The Poster Workshop Favorite 



May 1 1968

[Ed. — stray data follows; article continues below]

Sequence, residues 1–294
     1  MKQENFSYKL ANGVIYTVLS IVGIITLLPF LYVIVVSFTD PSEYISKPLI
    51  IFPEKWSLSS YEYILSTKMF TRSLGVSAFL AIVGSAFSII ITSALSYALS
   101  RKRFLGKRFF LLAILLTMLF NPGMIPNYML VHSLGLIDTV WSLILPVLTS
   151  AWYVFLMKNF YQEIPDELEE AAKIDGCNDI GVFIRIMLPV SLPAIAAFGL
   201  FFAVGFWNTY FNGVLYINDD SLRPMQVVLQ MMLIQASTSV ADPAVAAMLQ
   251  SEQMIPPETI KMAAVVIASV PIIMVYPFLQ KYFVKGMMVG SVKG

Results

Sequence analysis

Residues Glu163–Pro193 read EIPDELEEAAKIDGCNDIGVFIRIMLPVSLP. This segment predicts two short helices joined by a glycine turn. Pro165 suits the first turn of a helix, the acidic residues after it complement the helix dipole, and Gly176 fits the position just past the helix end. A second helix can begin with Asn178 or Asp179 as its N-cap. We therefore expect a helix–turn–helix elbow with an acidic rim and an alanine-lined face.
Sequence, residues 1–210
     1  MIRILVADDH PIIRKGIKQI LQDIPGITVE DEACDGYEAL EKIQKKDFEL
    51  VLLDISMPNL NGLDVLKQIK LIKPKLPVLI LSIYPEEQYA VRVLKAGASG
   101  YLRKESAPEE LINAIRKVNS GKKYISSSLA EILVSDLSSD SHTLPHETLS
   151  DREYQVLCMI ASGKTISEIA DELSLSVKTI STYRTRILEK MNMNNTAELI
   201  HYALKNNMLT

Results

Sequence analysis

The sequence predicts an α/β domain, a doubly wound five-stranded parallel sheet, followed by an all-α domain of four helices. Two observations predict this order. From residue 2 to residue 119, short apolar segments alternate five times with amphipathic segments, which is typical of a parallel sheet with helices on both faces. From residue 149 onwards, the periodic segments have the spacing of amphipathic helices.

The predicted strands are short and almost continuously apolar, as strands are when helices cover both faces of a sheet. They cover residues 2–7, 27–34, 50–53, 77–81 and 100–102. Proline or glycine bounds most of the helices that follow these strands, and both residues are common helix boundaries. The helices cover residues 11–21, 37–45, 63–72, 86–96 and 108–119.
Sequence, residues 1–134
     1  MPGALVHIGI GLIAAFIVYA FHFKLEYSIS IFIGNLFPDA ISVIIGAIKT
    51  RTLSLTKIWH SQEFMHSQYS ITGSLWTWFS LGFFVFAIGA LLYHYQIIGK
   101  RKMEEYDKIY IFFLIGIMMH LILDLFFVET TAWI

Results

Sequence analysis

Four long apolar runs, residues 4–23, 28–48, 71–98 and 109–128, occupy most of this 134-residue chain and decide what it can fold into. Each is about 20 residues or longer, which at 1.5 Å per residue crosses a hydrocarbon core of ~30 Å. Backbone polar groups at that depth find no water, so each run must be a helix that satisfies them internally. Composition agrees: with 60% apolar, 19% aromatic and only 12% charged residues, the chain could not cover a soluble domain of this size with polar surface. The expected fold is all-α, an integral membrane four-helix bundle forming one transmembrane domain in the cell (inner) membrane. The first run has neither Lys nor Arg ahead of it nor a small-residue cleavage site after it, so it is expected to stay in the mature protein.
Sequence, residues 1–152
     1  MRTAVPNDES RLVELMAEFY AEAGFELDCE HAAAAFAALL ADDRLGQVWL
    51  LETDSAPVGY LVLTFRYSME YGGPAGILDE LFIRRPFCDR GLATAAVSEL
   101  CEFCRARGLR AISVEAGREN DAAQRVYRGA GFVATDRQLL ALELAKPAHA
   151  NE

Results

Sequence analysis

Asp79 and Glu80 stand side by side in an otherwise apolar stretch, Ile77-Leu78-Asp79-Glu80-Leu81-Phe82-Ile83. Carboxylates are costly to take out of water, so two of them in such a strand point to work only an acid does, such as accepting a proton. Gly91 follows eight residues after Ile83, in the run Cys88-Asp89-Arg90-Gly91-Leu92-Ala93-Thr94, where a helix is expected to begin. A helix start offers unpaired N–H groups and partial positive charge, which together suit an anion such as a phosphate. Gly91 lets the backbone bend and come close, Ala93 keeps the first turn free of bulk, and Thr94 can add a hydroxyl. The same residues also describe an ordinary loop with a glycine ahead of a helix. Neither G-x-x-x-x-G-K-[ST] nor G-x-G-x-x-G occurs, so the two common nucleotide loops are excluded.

Between the late 1960s and 1970s numerous alternative printshops were set up across the UK, with the founding objective of producing, providing or facilitating the cheap and safe printing of radical materials. They were started by libertarians, aligned and non-aligned Marxists, anarchists and feminists, and as such were constitutive of the fractured and fractious politics of the post-1968 left. Emerging mostly at the tail end of, or just after, the 1960s underground culture, they arose in a period that saw not just the extension of political concerns to cultural ones but also the rise of community activism and feminism. Despite their differences in position, those involved in the various printshops shared common left/libertarian ground: they were, in general, anti-capitalism and anti-'the state', anti-imperialism, anti-hierarchy, anti-racist and pro-feminist. The London-based Poster Workshop (1968-1971), which recently uploaded its archive to the web, provides a snapshot of some radical concerns of the time: the political situations in Vietnam, Cuba, Zimbabwe, Angola, Iran and Ireland; apartheid; housing; racism and rights for workers. Their rhetoric was one of resistance, solidarity, fight, strike, occupation, revolution and freedom.

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